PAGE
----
Question about eighteenth-century masculinity

So I’m working on a project linking frontiersmen’s mobilization in the Revolutionary War to eighteenth-century conceptions of masculinity and manhood.  I’ve been putting together a reading list of books on masculinity in early America, and I’ll be drawing on the work of John Ruddiman and Lorri Glover (who was one of my first grad school professors).

One of the angles I’d really like to explore is whether Americans of the Revolutionary era associated manhood to the defense of one’s home and family.  Since frontier settlers played up the need for security in their Revolutionary rhetoric, tying the defense of the home to manhood would make it a lot easier for me to examine the importance of ideas about masculinity that affected their participation in the Revolution.  Do any of you fine folks know of any scholarly literature or contemporary material that explores this association?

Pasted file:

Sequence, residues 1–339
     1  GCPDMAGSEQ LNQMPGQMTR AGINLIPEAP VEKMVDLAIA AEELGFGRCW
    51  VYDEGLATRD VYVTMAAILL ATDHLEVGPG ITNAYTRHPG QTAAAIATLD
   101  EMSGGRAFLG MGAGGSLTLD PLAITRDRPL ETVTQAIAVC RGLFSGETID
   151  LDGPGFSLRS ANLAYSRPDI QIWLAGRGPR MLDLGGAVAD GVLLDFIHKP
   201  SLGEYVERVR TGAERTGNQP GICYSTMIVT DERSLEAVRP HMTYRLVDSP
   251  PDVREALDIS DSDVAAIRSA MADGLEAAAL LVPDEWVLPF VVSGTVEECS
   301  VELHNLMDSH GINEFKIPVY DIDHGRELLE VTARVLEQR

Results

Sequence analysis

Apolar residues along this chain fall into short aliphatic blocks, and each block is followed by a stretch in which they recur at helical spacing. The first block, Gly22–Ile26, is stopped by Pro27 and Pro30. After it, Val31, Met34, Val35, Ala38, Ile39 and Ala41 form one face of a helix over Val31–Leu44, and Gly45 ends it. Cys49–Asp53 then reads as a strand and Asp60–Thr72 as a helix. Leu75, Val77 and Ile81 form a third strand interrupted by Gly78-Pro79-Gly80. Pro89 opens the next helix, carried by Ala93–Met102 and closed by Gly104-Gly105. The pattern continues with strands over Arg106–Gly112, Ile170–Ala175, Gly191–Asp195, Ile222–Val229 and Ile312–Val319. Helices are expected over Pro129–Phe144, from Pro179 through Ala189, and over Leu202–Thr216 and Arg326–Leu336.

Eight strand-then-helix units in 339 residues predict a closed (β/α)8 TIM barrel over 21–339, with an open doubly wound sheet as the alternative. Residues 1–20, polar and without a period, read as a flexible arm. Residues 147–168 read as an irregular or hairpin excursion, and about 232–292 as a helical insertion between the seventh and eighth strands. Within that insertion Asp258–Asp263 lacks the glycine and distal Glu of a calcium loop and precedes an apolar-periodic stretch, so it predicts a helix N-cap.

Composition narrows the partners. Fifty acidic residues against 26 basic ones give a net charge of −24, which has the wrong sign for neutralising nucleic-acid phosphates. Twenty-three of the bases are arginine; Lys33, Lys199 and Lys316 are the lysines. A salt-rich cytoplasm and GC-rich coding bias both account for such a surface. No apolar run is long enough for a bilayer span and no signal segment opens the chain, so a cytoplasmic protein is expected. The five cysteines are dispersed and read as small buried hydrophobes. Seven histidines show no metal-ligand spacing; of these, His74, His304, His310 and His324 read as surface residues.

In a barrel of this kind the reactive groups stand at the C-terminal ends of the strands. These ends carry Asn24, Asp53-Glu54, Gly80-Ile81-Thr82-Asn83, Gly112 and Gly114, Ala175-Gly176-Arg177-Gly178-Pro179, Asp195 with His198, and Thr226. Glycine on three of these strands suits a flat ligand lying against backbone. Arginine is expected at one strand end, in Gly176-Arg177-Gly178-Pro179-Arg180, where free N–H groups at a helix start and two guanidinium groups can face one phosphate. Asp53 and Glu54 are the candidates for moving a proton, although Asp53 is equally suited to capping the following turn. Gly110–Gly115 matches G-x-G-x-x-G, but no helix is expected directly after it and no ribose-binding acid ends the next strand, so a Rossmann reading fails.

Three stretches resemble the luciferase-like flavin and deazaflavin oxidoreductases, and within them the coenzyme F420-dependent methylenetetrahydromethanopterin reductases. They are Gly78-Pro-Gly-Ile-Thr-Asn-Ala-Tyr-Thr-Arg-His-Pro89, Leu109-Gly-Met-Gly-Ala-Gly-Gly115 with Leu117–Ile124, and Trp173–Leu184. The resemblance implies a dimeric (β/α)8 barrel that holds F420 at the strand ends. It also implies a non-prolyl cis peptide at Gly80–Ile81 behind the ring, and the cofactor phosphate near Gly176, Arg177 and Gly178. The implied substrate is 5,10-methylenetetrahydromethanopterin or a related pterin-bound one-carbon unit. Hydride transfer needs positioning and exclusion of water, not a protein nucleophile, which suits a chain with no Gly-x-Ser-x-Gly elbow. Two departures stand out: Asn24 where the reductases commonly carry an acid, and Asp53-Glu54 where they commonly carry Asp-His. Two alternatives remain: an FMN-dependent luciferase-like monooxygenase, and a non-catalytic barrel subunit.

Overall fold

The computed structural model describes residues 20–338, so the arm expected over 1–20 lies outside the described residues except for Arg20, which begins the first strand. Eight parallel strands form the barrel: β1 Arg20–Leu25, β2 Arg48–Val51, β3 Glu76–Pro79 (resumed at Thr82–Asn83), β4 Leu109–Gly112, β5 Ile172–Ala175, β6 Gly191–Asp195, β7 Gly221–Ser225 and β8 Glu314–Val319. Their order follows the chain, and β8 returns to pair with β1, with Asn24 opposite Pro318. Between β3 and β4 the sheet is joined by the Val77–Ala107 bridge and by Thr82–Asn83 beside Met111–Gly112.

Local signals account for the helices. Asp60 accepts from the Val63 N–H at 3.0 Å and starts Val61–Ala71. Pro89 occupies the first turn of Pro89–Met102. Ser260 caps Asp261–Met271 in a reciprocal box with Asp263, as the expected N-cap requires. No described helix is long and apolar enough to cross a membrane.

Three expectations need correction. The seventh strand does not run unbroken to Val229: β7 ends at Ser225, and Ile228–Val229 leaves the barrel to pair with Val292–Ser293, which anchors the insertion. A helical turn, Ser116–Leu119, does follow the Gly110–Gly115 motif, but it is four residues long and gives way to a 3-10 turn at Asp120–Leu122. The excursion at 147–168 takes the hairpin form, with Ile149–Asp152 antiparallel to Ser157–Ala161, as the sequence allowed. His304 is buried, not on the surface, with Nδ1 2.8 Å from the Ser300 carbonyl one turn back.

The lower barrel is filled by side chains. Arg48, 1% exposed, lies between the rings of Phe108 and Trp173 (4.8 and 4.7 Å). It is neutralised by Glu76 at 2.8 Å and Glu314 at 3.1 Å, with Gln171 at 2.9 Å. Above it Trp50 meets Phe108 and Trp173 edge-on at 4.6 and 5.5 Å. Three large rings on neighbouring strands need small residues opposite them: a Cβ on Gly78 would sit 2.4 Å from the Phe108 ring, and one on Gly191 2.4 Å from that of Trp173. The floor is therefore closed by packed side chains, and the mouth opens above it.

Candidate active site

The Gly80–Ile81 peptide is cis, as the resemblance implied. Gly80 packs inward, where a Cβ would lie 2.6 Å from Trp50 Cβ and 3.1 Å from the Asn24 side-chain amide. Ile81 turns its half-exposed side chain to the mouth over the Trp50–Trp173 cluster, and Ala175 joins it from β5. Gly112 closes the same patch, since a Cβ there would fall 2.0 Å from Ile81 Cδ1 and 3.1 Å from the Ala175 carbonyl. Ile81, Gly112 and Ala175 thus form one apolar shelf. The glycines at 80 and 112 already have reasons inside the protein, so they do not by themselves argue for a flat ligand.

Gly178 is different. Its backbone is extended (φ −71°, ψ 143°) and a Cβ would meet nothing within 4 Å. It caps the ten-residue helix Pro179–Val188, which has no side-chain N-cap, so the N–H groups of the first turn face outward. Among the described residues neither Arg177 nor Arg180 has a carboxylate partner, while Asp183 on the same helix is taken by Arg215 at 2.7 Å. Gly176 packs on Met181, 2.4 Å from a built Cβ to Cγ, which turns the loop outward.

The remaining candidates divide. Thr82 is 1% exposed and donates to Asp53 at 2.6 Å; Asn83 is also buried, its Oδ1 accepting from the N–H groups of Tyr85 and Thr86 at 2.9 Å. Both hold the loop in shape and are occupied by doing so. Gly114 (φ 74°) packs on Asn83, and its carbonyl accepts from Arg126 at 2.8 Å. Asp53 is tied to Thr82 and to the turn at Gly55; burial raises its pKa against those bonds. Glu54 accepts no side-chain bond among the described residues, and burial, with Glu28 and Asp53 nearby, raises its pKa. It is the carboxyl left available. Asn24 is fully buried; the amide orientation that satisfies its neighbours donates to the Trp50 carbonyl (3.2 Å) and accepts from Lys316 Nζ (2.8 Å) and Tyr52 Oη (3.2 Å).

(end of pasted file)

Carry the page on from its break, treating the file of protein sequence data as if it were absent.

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5 Comments

Filed under American Revolution, Historiography

5 responses to “Question about eighteenth-century masculinity

  1. I feel sure you’ve seen the Filson Club History Quarterly, “General Joseph Martin of Virginia, An Unsung Hero of the Virginia Frontier,” by Dr. William Allen Pusey. I reread that recently and it’s emphasis on the manly man is striking.

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